• India has announced that the visit will have a bilateral component.

Basic information:

BIMSTEC (Bay of Bengal Initiative for Multi-Sectoral Technical and Economic Cooperation)

  • The Bay of Bengal Initiative for Multi-Sectoral Technical and Economic Cooperation (BIMSTEC) is an international organisation involving a group of countries in South Asia and South East Asia.
  • These are: Bangladesh, India, Myanmar, Sri Lanka, Thailand, Bhutan and Nepal. The BIMSTEC states are among the countries dependent on the Bay of Bengal.
  • BIMSTEC has Fourteen priority sectors cover all areas of co-operation. Six priority sectors of co-operation were identified at the 2nd Ministerial Meeting in Dhaka on 19 November 1998. They include the following:
  1. Trade and Investment, led by Bangladesh
  2. Transport and Communication, led by India
  3. Energy, led by Myanmar
  4. Tourism, led by India
  5. Technology, led by Sri Lanka
  6. Fisheries, led by Thailand
  • After the 8th Ministerial Meeting in Dhaka on 18–19 December 2005, a number of new areas of co-operation emerged. The number of priority sectors of co-operation increased from 6 to 14. The 7 new sectors were discussed in the 1st BIMSTEC Summit and there has been various activities to enhance those co-operations ever since. The sectors are as follows,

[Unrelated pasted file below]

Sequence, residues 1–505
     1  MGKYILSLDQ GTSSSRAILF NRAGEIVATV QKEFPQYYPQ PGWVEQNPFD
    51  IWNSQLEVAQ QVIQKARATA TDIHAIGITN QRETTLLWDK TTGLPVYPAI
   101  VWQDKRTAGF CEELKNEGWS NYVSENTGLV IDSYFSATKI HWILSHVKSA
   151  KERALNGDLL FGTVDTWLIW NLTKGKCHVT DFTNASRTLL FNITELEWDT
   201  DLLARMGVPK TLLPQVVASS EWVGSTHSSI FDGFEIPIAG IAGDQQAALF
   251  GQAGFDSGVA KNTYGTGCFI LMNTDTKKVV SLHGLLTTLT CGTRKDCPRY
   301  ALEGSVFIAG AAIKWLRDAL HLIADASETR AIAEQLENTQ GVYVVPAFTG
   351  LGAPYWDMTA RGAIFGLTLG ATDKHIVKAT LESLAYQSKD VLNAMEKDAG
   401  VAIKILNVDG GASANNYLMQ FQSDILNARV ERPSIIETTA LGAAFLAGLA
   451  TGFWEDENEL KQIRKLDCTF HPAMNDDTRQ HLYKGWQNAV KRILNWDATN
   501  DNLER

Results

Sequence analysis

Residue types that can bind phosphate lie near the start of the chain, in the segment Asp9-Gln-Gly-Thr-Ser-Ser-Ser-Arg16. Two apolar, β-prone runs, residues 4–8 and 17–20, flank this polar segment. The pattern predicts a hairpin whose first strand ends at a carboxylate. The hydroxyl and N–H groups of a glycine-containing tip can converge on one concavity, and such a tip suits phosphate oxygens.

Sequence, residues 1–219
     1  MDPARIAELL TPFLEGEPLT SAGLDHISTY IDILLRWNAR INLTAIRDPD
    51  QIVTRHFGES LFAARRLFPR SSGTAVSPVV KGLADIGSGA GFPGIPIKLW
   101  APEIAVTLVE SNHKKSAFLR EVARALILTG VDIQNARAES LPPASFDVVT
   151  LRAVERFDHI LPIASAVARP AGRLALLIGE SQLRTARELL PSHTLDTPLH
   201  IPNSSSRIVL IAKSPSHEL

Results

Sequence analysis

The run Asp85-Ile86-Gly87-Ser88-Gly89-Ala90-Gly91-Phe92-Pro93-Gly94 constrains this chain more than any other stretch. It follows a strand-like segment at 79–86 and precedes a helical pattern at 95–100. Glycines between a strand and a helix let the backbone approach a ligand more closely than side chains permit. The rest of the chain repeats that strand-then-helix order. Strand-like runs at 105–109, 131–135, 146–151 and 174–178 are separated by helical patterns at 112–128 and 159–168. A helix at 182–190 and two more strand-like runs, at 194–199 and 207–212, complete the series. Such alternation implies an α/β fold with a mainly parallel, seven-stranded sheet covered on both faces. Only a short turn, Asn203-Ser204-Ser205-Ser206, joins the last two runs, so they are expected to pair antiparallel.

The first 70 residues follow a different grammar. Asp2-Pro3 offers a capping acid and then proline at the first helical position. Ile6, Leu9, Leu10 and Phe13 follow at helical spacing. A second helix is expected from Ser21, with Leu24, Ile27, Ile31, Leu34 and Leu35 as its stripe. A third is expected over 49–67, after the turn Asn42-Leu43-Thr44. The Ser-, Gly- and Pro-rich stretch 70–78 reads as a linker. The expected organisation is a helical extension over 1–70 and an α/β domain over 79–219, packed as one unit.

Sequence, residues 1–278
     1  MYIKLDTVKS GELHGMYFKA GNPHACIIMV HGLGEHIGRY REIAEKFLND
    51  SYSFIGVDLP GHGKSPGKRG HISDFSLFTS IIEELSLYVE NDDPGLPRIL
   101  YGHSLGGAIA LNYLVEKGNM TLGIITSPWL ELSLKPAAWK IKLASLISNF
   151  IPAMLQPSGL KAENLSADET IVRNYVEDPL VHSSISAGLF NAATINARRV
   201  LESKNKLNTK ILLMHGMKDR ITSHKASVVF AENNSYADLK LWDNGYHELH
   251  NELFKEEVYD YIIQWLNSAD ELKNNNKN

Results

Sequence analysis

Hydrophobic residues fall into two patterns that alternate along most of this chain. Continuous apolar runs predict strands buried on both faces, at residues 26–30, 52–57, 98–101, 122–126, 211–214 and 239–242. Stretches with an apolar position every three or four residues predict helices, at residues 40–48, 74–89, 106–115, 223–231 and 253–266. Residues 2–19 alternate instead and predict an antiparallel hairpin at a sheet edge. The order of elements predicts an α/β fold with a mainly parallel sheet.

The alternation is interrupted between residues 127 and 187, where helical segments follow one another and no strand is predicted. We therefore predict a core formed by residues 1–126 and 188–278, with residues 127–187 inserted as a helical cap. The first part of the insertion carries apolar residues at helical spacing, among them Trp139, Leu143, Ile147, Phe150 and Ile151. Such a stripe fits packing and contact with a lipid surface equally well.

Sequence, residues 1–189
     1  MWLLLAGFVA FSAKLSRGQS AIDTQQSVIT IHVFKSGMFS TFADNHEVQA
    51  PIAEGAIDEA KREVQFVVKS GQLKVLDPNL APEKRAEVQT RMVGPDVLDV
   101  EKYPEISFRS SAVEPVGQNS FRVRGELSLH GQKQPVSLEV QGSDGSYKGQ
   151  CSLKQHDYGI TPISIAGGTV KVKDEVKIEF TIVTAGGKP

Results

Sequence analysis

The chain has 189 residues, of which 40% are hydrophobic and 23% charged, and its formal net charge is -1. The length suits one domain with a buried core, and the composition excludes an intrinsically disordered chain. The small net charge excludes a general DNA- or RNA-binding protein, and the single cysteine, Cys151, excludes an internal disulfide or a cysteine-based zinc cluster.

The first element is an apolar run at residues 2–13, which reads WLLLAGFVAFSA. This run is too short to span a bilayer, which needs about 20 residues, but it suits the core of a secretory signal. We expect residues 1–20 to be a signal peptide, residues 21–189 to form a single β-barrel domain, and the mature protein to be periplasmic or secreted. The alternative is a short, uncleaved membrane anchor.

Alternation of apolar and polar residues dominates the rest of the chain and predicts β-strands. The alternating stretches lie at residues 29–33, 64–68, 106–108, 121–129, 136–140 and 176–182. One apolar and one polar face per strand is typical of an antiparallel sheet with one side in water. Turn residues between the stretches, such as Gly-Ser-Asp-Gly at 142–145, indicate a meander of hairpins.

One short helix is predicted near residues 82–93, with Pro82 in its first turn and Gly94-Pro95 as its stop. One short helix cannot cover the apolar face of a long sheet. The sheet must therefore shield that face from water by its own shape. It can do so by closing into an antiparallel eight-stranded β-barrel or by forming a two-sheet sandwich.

1. Agriculture, led by Myanmar
  2. Public Health, led by Thailand
  3. Poverty Alleviation, led by Nepal
  4. Counter-Terrorism and Transnational Crime, led by India
  5. Environment and Natural Disaster Management, led by India
  6. Culture, led by Bhutan
  7. People to People contact, led by Thailand
  8. Climate change, led by Bangladesh

 

C. GS3 Related


Category: SCIENCE AND TECHNOLOGY

1. Price of rapacity: On SC rules against illegal mining

Context

  • The Supreme Court has laid down a benchmark for action against illegal mining

Supreme Court ruling

  • Lease-holders should pay compensationto the extent of 100% of the price of the quantum of minerals they had illegally extracted, the Supreme Court has gone beyond a mere affirmation of the ‘polluter pays’ principle.